From The History of the Church from Christ to Constantine by Eusebius

Yesterday I started reading Eusebius’ History for the first time; I’m surprised at how (gulp) enjoyable it is. Really. At times it seems to share more with ancient romance than history – but then there’s a great deal of romance in all ancient history. The legends certainly make for good reading; the following excerpt comes near the end of the first chapter devoted to Christ and his contemporaries. We are to imagine that at some point, perhaps not long after he delivered the sermon on the mount, Jesus was confronted with a letter delivered by a courier from King Abgar V of Edessa, at which point he asked Peter or one of the others for the nearest piece of parchment and stylus in order to dash off a speedy reply.

Abgarus, ruler of Edessa, to Jesus the excellent Saviour who has appeared in the country of Jerusalem, greeting. I have heard the reports of you and of your cures as performed by you without medicines or herbs. For it is said that you make the blind to see and the lame to walk, that you cleanse lepers and cast out impure spirits and demons, and that you heal those afflicted with lingering disease, and raise the dead.

And having heard all these things concerning you, I have concluded that one of two things must be true: either you are God, and having come down from heaven you do these things, or else you, who does these things, are the Son of God.

I have therefore written to you to ask you if you would take the trouble to come to me and heal the disease which I have. For I have heard that the Jews are murmuring against you and are plotting to injure you. But I have a very small yet noble city which is great enough for us both.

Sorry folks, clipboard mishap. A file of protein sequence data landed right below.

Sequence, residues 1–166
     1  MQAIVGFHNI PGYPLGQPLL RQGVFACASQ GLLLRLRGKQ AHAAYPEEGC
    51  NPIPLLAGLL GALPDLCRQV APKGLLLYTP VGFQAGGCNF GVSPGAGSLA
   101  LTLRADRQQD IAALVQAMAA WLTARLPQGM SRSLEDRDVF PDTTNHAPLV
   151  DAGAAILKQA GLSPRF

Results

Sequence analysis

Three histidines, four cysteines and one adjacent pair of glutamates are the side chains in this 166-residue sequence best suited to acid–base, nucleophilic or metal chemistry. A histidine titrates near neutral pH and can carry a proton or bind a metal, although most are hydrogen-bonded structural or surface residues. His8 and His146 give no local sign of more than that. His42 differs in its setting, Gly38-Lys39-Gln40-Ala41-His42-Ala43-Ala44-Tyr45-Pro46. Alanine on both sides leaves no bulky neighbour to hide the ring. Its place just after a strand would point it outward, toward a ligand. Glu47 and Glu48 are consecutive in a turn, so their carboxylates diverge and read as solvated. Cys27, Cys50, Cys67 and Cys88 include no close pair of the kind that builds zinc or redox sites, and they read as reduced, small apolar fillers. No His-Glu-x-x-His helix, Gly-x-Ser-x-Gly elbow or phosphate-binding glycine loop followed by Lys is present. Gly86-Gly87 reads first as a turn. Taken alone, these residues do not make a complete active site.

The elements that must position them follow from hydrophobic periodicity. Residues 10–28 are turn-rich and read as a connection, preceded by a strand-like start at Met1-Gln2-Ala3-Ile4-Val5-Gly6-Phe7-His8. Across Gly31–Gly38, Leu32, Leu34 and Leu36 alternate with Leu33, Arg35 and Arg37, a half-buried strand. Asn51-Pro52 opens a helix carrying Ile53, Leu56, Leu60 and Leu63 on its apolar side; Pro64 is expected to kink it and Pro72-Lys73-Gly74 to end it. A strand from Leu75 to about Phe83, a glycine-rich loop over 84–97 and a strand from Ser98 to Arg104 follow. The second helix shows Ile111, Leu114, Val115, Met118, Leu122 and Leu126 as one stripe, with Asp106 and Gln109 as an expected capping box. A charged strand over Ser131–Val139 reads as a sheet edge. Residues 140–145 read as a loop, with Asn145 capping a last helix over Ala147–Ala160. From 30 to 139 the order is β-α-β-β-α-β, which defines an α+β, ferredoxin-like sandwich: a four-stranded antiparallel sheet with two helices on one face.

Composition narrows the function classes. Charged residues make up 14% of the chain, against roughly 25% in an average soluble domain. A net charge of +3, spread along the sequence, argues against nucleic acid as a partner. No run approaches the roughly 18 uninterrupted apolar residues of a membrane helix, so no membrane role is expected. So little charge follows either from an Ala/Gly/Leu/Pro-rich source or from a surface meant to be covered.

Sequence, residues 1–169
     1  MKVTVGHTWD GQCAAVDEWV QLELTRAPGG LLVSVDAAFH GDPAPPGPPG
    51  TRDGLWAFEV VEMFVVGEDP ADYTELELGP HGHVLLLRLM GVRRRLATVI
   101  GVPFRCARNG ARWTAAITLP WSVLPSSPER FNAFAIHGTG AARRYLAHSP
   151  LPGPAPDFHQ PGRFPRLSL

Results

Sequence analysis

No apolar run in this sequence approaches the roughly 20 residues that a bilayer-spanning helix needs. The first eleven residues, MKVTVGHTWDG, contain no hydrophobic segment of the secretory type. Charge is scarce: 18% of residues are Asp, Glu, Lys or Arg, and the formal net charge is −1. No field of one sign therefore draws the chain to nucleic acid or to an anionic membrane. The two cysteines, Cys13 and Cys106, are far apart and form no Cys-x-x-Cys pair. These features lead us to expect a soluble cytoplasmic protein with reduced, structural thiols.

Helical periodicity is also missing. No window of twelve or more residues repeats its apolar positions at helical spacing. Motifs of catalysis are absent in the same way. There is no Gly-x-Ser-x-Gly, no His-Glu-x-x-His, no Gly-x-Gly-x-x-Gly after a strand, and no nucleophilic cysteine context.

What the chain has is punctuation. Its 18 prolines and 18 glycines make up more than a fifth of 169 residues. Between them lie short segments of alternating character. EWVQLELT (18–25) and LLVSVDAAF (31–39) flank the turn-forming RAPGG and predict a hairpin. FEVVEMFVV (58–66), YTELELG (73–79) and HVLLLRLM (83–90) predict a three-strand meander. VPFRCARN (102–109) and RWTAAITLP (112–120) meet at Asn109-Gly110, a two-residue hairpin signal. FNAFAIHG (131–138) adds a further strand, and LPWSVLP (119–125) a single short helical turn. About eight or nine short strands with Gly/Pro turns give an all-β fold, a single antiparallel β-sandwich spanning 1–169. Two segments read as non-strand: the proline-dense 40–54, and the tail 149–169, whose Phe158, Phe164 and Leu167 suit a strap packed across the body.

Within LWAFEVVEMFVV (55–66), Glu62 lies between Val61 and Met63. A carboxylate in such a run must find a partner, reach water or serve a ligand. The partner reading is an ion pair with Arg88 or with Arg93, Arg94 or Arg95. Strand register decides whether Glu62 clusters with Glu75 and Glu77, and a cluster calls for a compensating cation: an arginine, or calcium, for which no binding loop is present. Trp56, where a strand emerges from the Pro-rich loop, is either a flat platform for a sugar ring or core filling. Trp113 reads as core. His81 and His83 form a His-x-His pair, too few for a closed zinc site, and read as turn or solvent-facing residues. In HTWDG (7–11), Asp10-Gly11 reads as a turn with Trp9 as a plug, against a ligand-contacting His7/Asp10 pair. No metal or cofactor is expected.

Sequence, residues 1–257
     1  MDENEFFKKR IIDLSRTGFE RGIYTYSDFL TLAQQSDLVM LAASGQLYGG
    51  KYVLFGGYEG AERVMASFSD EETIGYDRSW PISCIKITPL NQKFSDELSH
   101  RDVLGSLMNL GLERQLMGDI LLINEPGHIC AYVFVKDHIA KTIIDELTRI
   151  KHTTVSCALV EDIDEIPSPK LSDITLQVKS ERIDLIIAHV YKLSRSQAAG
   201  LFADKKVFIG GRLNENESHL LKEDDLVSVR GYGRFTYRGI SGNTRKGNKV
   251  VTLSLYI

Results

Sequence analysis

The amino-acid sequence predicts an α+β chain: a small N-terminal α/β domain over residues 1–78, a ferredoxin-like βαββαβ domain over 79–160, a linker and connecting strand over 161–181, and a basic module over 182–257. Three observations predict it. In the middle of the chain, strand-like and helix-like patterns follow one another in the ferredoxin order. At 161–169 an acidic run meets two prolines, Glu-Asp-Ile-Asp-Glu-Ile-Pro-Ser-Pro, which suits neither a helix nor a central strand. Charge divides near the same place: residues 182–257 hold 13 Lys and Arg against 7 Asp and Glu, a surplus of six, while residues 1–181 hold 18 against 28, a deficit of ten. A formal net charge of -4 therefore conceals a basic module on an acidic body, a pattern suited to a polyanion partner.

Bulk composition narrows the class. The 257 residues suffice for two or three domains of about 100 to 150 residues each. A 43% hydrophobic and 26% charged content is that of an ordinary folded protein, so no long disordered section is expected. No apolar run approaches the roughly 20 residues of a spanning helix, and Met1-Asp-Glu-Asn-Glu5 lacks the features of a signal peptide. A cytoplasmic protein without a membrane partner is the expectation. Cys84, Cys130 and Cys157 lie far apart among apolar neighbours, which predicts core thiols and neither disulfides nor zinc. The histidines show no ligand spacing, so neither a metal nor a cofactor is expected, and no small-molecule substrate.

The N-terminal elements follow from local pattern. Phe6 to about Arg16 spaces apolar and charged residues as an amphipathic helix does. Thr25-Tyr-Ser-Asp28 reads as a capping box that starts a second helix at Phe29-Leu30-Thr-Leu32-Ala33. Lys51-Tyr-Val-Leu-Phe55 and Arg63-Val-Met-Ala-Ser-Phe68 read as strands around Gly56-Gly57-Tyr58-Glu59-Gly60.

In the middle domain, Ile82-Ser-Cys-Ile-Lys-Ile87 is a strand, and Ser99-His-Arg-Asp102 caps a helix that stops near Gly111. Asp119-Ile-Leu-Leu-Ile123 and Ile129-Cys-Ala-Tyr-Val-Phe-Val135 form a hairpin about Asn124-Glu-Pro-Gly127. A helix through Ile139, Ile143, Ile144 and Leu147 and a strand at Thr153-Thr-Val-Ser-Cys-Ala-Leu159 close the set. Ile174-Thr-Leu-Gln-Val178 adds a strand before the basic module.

The answer of Jesus to the ruler Abgarus by the courier Ananias:

Blessed are you who hast believed in me without having seen me. For it is written concerning me, that they who have seen me will not believe in me, and that they who have not seen me will believe and be saved. But in regard to what you have written me, that I should come to you, it is necessary for me to fulfill all things here for which I have been sent, and after I have fulfilled them thus to be taken up again to him that sent me. But after I have been taken up I will send to you one of my disciples, that he may heal your disease and give life to you and yours.

Great stuff. According to Eusebius:

… written evidence of these things [was] taken from the archives of Edessa, which was at that time a royal city. For in the public registers there, which contain accounts of ancient times and the acts of Abgarus, these things have been found preserved down to the present time.

What’s not to like about the idea of Jesus receiving emissaries from far abroad? Well, for one thing, the letter is no longer considered authentic, but was rather made up by someone in Edessa (Armenia in our time) to promulgate a legend that the region was converted by earlier and more direct contact with the Lord than actually occurred. You can read more about the legend from the frequently reliable Wikipedia here, including something about an image of Jesus preserved on a towel that he’d used … and somehow it ended up in Armenia.

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